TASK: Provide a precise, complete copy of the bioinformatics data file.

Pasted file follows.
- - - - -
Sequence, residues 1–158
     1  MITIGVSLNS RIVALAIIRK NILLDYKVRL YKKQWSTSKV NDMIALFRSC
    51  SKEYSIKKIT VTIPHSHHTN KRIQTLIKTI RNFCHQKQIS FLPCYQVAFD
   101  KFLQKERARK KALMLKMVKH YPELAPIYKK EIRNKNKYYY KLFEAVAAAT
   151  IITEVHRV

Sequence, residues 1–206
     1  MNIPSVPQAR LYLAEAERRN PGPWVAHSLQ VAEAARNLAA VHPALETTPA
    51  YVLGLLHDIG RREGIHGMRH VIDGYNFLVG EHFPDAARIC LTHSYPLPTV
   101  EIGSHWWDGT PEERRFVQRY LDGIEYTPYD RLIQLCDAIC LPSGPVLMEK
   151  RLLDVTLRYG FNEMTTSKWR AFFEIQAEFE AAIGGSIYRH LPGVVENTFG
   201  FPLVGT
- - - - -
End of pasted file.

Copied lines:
Sequence, residues 1–158
     1  MITIGVSLNS RIVALAIIRK NILLDYKVRL YKKQWSTSKV NDMIALFRSC
    51  SKEYSIKKIT VTIPHSHHTN KRIQTLIKTI RNFCHQKQIS FLPCYQVAFD
   101  KFLQKERARK KALMLKMVKH YPELAPIYKK EIRNKNKYYY KLFEAVAAAT
   151  IITEVHRV

Sequence, residues 1–206
     1  MNIPSVPQAR LYLAEAERRN PGPWVAHSLQ VAEAARNLAA VHPALETTPA
    51  YVLGLLHDIG RREGIHGMRH VIDGYNFLVG EHFPDAARIC LTHSYPLPTV
   101  EIGSHWWDGT PEERRFVQRY LDGIEYTPYD RLIQLCDAIC LPSGPVLMEK
   151  RLLDVTLRYG FNEMTTSKWR AFFEIQAEFE AAIGGSIYRH LPGVVENTFG
   201  FPLVGT